This year marks the 100th anniversary of the Migratory Bird Treaty Act, the most significant bird protection law in history. To celebrate the occasion, National Geographic have named 2018 the ‘Year of the Bird,’ and are encouraging nature lovers worldwide to do the same. The scheme aims to raise awareness of bird protection initiatives and the increasing loss of natural habitat.
As a National Geographic Lodge, Bushmans Kloof is thoroughly committed to caring for and protecting its local South African birdlife, which includes a staggering 150 varieties. From fairy flycatchers to the grey-winged francolin, these are some of the species that budding birders can expect to spot at Bushmans Kloof.
Native to southern Africa, the Cape Batis is most at home in wooded areas or mountain forests. Small but with an eye-catching pattern, with grey, black, brown and white stripes, these birds live off insects and make compact nests in bushes or low levels of trees.
The wonderfully named fairy flycatcher uses the fynbos as its breeding ground before migrating north. It can be spotted thanks to its black eye mask and long white stripes on its wings and tail, and tends to stick with one mate throughout its lifetime. Expect to glimpse the fairy flycatcher alone or in small groups.
Keen on the shrublands and grasslands that surround Bushmans Kloof, the Ant-eating Chat keeps itself close to the ground, where its prey – ants and termites – can be found. A sociable breed, ant-eating chats also nest in the ground, digging their own nests in the burrows of other animals such as mongoose and aardvarks.
Similar to a pheasant or partridge, the grey-winged francolin is most likely to be spotted in grassland, nibbling on bulbs and roots. Adorned with grey freckles, it’s a rather sedentary bird but its young tend to be more active.
Classed as an African warbler, the Cape grassbird is a resident of the fynbos and is recognisable thanks to its jingling, nasal song. You’re likely to glimpse it either alone or in a pair.
Cape Clapper Lark
The fynbos is also the habitat of choice for the Cape clapper lark, which is so called due to the way it claps its wings when it flies. Cape clapper larks are fairly shy by nature, meaning they may prove trickier to locate, but can sometimes be seen searching for insects and seeds.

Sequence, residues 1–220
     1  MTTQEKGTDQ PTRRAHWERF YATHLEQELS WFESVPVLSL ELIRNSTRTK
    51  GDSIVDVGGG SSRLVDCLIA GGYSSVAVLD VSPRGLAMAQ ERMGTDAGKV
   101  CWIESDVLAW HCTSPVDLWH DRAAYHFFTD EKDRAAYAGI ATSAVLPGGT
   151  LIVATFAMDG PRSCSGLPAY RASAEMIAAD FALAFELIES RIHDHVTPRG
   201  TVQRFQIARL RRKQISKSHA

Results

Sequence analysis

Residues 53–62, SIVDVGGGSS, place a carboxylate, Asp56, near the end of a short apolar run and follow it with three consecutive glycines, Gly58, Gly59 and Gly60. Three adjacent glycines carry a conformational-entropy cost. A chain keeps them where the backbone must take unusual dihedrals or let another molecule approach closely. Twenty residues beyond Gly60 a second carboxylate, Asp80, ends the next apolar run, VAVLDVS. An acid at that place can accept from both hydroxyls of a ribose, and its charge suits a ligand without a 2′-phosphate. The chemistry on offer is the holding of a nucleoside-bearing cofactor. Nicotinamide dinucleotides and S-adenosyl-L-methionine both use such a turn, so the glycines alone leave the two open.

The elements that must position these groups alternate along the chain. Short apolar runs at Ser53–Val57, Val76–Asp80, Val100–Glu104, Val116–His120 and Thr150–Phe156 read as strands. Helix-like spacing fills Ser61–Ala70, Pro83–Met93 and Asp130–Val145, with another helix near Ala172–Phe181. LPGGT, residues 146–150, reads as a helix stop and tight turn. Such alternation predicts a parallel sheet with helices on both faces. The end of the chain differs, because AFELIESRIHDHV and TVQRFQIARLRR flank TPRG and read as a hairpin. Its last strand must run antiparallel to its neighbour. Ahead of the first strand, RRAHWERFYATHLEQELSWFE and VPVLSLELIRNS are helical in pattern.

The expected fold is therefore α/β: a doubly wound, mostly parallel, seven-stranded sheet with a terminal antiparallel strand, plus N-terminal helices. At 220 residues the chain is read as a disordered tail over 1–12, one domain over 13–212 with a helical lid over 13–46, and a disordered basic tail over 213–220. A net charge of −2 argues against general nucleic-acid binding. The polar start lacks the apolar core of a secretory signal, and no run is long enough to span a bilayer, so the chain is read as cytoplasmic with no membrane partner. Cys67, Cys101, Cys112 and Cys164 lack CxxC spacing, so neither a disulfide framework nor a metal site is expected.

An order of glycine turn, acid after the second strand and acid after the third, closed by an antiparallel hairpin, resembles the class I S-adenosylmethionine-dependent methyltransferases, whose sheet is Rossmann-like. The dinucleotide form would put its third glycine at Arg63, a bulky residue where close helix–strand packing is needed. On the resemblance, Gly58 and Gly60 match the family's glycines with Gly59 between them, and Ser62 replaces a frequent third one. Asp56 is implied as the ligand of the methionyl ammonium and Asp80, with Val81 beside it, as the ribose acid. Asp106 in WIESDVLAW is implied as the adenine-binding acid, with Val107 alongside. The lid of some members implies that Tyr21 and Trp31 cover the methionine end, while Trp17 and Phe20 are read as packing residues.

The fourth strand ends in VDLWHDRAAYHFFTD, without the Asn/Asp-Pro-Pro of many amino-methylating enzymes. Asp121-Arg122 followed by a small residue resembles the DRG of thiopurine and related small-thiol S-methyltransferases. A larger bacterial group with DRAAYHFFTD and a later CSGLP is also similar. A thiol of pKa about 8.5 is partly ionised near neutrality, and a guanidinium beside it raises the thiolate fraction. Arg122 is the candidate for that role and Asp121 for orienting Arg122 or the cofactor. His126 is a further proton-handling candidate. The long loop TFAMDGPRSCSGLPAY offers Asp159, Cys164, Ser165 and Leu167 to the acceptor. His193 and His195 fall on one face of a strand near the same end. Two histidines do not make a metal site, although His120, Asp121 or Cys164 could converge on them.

Known as both the large-billed lark and thick-billed lark, these birds create their nests on the ground, where they also forage for ants, termites and other insects. Bushman’s Kloof’s combination of high altitude grasslands and fynbos make it an ideal habitat for the large-billed lark.
Southern Double-collared Sunbird
This dazzlingly colourful bird is a long established resident of the Western Cape. Visitors may well spot it taking nectar from the flowers of the fynbos and it’s known for its meticulously made closed nests, fashioned using plants stuck together with spider webs and snugly lined with a mixture of feathers and wool.
Found in shrubland and woodland in South Africa, the diminutive grey tit is recognisable to birders thanks to it grey body and black head with a white stripe below the eye. Favouring caterpillars for sustenance, grey tits are also partial to fruit and spiders.
Happiest on rocky hillsides or mountainous regions, Layard’s tit-babblers are both vocal and curious. A forager of fruit, seeds and insects, you’re most likely to see one flitting around the surroundings of Bushmans Kloof in search of some food.
Admire the best of the Cederberg’s birdlife on an expert-led Nature Drive at Bushman’s Kloof.
Image credits: Lead image © Red Carnation Hotels. Cape Batis © iStock/leopardinatree. Fairy Flycatcher © istock/Tersius. Ant-eating Chat © iStock/THEGIFT777. Grey-winged Francolin © iStock/Binty. Cape Grassbird © iStock/Binty. Cape Clapper Lark © iStock/aaprophoto. Large-billed Lark © iStock/aaprophoto. Southern Double-collared Sunbird © iStock/RobMousley.